Hot News! Charcoal Briquettes from Old Newspapers

You've likely seen those hand-cranked, wrought iron presses that allow you to recycle your old newspapers into burnable bricks or fire logs. Now Shigeru Ota, a 75-year-old Japanese bicycle shop owner from Tateyama city in Japan's Chiba prefecture, has worked up something similar that cuts the unwieldy compressed brinks of newsprint down to size.

In both rural Japan and many third world countries, home heating in cold weather is usually done with charcoal burned on a small, hibachi-style, portable charcoal grill. Massive bricks or logs compressed from old newspaper just aren't practical.

Ota's innovative solution uses a 5cm (2-inch) wide steel pipe. After being soaked in water, pulpy masses of newspaper are compressed to remove water using a mechanism similar to that of a ratcheting caulk gun. Once thoroughly dried, the plugs of newsprint resemble standard charcoal briquettes in shape and size.

Could Ota's invention work in industrialized countries on a much larger scale?  A significant percentage of solid landfill waste is made up of newspapers and other discarded newsprint, which burns with a respectable heating value of 7,883 BTU per pound. To put things in perspective, the roughly 1,400 tons of newsprint discarded every day in North Carolina could replace 883 tons of coal!

How to cut big bricks down to size?How to cut big bricks down to size?

There may be some downside to recycling newsprint by burning it, however. Questions as to the toxicity of burned ink make using compressed newspaper as barbeque charcoal risky business. As well, mercury compounds are often used as anti-fungal agents when newsprint is produced. Mercury vapor could be released into the air when such newsprint is later burned in a charcoal fire. All in all, further research is needed into the viability and safety of Shigeru Ota's idea. (via Mainichi Daily News)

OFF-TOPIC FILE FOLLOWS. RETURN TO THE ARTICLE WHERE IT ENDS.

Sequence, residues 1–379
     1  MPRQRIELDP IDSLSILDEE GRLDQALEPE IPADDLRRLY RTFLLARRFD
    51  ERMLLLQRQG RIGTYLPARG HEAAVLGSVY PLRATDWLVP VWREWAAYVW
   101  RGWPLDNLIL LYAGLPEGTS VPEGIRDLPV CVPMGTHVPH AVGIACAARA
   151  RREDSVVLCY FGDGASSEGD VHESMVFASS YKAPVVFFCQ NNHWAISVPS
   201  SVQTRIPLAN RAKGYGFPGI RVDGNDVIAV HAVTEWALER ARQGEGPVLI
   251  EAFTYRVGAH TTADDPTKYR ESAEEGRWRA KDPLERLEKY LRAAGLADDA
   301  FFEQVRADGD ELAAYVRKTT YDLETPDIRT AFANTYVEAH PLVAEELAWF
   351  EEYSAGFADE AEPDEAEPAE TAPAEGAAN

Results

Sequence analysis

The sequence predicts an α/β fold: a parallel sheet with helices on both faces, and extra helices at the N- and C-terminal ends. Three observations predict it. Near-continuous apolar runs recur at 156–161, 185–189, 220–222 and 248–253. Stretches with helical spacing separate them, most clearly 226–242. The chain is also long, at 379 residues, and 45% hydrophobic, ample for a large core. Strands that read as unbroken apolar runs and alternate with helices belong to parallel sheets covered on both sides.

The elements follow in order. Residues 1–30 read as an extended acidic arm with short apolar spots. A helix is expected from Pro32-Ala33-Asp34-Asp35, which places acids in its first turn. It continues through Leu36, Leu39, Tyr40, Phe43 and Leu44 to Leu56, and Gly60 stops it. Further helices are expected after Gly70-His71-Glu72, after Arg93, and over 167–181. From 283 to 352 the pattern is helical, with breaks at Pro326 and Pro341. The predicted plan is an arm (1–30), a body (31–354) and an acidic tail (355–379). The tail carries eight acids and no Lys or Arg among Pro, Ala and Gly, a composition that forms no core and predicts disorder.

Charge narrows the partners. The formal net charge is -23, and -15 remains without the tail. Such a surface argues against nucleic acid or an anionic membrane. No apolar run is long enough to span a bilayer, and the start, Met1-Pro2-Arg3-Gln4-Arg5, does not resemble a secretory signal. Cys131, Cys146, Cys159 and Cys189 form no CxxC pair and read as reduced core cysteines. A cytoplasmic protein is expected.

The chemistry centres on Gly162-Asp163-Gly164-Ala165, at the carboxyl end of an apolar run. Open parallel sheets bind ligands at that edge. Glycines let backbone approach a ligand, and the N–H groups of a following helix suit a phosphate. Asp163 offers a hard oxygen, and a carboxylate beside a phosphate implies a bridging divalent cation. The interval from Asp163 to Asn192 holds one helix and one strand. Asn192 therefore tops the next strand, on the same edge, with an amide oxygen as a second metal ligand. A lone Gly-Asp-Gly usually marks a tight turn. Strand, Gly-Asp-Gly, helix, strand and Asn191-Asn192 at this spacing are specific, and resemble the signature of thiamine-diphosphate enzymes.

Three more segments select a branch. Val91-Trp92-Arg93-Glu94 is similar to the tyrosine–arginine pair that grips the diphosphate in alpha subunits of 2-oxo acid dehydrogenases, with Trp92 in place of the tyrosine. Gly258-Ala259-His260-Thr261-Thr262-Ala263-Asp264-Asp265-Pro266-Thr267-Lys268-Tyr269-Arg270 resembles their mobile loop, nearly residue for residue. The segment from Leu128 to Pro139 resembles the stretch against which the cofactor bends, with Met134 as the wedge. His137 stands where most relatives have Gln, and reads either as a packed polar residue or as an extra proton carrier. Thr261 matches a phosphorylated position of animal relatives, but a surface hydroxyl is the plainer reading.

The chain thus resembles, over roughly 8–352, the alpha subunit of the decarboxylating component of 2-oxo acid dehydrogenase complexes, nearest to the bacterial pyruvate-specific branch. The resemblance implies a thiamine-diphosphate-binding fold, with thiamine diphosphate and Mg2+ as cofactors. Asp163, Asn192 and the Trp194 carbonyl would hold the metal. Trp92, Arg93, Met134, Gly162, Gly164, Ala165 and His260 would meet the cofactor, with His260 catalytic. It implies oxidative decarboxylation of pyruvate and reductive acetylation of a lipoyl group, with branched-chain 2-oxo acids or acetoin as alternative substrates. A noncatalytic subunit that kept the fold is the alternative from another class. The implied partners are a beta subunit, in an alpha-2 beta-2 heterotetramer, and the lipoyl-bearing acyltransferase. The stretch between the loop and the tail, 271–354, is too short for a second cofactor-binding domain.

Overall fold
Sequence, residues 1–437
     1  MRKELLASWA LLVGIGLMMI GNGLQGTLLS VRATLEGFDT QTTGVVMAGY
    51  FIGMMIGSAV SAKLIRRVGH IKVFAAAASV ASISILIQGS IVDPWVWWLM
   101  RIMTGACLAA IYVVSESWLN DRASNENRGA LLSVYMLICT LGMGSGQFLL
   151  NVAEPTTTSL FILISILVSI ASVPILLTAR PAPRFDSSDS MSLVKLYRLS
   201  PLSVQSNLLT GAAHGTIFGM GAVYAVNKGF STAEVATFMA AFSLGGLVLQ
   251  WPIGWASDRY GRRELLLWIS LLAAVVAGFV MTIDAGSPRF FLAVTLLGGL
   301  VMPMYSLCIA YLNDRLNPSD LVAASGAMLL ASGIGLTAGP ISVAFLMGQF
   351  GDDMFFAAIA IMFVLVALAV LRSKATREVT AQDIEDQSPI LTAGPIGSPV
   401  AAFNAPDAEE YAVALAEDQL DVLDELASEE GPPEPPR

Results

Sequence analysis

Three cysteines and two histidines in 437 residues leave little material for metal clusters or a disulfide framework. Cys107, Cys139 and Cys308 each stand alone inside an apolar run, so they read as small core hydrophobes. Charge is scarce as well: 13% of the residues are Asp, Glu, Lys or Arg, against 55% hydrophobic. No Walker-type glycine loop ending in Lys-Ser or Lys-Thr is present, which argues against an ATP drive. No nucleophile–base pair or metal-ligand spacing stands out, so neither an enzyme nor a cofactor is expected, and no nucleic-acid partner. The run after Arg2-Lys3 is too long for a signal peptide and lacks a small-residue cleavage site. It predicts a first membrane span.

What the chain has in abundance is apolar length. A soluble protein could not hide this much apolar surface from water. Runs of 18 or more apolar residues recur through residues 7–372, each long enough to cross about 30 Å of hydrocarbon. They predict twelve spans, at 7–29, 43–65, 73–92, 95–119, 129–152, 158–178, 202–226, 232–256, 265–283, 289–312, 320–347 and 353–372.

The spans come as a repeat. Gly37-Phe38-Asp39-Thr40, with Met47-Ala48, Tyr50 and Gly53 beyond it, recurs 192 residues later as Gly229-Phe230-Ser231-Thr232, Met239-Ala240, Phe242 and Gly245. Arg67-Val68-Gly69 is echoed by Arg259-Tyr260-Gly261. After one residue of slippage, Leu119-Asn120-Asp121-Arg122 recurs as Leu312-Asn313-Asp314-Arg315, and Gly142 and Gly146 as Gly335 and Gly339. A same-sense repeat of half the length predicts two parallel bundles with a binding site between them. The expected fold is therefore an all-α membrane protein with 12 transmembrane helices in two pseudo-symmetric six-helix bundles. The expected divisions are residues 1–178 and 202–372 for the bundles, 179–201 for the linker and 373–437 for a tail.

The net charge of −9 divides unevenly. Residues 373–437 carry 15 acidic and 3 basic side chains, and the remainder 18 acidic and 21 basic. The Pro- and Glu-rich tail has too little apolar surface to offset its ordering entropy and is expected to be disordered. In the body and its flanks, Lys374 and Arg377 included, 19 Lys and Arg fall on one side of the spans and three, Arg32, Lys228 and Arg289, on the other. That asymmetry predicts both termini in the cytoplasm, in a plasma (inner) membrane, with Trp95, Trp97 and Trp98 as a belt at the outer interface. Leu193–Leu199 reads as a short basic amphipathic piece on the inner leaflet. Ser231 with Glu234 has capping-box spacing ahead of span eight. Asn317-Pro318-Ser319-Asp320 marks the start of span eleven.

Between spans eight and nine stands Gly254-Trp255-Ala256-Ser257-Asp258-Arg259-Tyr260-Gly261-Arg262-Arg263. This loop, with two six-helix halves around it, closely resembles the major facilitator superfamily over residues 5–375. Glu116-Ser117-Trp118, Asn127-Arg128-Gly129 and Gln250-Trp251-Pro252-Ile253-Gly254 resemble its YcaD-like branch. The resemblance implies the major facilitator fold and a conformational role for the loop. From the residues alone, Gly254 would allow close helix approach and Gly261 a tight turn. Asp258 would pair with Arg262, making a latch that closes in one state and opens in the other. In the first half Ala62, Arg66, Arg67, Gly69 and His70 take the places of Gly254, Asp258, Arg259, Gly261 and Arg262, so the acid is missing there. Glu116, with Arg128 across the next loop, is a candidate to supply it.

Nov 30, 2008
by Anonymous


as for heating in a masonary heater or similar could be useful and in certain circumstances perhaps even outside to half the sticks for a "camp"fire (the ones that you put stones around). Good invention, true ink poses a problem.

Nov 30, 2008
by Anonymous

how about adding some

how about adding some chemical products to the water that would disolve and separate ink from paper. instead of just putting the newspapper in your sink, add some special "filtering" basket or something to the press and have the papper come down clean of ink, something similar to what's use to recycle papper.

Dec 11, 2008
by Anonymous


Most black ink used in newspapers in the US is soy based and shouldn't pose any risk. This idea also works with junk mail. Remove all plastics and then soak the paper for up to a week before squeezing out the water. No fancy press is needed--just scoop out pulp and hand squeeze into a 2 inch ball.